DI VALENTINA PICCINI
A templar site in Città di Castello: the hypothesis comes from the pictorial discoveries in Santa Maria della Carità, a long religious site, alongside the Cloister of San Domenico to which a few years ago the town of Città di Castello dedicated a conference.
The reports of the work tell about the reconstruction that then made Francesca Abbozzo, scientific coordinator of the conference and director of the restoration of the frescoes. For a long time it was used as a warehouse for tobacco. In the mid-1950s the fresco was already unrecognizable and it was not until 2008 that we tried to test what was hidden under the layer of time and the residue of improper use. “Thus the Cenacle emerged and then, a second wall began to emerge with the figure of a Dominican was imposed.
The frescoes of the fifteenth century coexist with an older layer dating back to at least two centuries before, which have a clearly templar nature”. They are part of the original decorative apparatus of this, which could have been a church but also a temple, since the motifs refer to the stone of the temple in Jerusalem.
The structure of the original site is lost, the body is set back from the current road, reduced both in height and in the height of the floor. Of course, a greater investigation would be necessary to bring to light what is kept in the structure and better frame what was probably a commander templar, as suggested by the nearby San Giovanni in Campo and the Brotherhood of Frustrati.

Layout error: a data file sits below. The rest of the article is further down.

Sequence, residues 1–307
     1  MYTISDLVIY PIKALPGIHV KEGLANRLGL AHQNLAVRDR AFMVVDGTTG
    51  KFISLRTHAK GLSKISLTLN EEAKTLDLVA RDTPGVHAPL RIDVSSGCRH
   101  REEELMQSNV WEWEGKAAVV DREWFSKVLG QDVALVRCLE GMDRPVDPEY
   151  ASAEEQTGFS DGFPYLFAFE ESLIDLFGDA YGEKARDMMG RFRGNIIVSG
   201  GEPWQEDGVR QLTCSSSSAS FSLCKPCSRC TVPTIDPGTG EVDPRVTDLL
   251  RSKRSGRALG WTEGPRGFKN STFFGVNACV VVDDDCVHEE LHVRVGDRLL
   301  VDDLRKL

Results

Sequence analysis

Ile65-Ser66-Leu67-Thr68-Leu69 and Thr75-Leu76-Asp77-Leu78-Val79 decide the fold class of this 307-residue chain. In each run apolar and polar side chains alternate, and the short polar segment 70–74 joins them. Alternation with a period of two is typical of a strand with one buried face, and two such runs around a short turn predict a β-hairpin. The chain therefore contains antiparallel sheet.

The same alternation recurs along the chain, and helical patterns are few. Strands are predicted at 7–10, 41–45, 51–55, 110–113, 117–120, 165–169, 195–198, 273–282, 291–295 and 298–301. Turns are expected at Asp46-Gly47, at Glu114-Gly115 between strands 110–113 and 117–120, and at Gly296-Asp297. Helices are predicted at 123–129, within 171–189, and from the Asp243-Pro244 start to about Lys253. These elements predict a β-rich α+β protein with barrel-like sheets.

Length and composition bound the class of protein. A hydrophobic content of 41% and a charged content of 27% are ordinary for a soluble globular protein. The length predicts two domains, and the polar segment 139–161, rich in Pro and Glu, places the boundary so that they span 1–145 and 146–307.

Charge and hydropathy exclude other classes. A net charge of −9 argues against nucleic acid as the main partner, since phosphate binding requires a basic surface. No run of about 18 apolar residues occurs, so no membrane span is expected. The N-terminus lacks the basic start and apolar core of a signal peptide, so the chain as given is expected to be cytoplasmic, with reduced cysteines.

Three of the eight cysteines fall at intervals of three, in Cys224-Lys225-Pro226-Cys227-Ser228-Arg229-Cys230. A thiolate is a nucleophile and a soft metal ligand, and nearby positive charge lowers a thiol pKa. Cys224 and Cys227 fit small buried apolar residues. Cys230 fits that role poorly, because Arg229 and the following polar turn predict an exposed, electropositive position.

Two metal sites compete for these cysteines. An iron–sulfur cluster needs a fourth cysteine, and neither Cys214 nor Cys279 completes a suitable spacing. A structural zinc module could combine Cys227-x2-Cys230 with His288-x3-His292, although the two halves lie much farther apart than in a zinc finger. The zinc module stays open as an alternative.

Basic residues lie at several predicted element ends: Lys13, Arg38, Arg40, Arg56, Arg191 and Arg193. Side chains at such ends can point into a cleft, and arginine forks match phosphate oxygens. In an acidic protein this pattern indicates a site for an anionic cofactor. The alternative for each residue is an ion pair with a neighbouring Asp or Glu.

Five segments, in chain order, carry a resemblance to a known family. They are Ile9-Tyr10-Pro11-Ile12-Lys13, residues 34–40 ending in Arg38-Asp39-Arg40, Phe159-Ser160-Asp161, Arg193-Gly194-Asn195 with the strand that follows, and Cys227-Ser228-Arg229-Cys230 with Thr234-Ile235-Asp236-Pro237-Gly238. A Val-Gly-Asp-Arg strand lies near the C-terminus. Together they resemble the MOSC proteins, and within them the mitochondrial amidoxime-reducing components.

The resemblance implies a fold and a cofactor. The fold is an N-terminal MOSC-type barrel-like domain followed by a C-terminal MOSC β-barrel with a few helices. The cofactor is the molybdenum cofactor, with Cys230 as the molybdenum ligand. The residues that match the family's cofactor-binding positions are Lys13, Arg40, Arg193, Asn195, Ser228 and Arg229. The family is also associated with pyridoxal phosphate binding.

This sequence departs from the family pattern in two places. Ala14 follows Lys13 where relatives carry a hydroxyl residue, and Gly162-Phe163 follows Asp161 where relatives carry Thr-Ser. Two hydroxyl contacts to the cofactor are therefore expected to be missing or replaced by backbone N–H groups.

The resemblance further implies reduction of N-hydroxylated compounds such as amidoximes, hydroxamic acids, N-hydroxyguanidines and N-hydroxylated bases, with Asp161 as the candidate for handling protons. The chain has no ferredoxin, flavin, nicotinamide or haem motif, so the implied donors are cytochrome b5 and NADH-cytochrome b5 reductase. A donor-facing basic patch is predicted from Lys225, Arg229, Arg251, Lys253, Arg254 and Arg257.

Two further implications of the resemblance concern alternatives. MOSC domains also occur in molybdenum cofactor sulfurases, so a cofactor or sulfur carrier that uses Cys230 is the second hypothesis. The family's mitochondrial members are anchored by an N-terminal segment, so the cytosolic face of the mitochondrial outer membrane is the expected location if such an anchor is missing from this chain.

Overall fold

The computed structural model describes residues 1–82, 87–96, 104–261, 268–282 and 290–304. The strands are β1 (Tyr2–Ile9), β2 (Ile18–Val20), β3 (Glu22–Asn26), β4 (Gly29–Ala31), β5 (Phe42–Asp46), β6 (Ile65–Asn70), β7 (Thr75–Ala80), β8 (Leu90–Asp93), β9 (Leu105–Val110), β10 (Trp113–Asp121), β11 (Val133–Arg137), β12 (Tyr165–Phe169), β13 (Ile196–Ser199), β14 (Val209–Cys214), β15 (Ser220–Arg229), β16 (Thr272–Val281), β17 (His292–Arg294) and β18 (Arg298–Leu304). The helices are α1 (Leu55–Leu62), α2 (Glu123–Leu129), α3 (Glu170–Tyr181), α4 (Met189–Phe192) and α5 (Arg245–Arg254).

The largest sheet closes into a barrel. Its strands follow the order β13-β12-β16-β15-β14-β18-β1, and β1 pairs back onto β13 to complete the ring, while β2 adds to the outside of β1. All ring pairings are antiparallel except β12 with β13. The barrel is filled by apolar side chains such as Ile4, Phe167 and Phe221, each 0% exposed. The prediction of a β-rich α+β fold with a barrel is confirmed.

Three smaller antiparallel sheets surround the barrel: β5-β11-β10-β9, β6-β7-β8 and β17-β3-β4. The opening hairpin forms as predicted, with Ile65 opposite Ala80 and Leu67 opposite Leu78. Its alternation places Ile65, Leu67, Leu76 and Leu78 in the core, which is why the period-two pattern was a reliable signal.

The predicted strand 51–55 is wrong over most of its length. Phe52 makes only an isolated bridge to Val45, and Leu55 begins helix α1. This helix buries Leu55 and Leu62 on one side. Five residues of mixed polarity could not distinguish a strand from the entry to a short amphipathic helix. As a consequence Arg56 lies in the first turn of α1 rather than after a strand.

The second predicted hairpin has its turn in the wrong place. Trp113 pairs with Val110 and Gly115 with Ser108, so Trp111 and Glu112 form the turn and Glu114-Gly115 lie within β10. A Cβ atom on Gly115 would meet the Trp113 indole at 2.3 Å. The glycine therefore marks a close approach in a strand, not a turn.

A diachronic reflection also leads us to think that there were concentrated, despite being an extramoenia area, important complexes: the nearby archaeological site and the subsequent Renaissance palace, the review of the complex of San Domenico, with the church and a new orientation of the cloister, finally the hospital, are pieces of constancy in the centrality on which we must investigate, in connection with the numerous traces that the territory offers starting from the deposits of the Pinacoteca in which are kept frescoes and finds of the church of Santa Caterina, now in the F.A.T. complex and not recognizable in the appearance it had until the fifties.
“Rignaldello, Celle, Morra, Badia Petroia show clear traces of templar symbols, witnessing a spread and penetration of this order in the round”. Speaking at the conference also Paolo Caucci van Saucken of the University of Perugia had remembered that “in Città di Castello was at a crossroads of the Templar paths. In Rignaldello the hospital was known but the frescoes revive the hypothesis of a real commenda. The naming of churches could provide additional clues in this regard along with the large amount of templar symbols in architectural decorations. Documentary evidence supports the thesis on a centrality, so far underestimated of Central Italy and in particular of this valley, which was an obligatory and convenient road past the passes, in and out towards Rome. The Templars here therefore organized themselves because the quantity of flows required structures and means of assistance to pilgrims and wayfarers on the way”.
Hypothesis for now but very fascinating.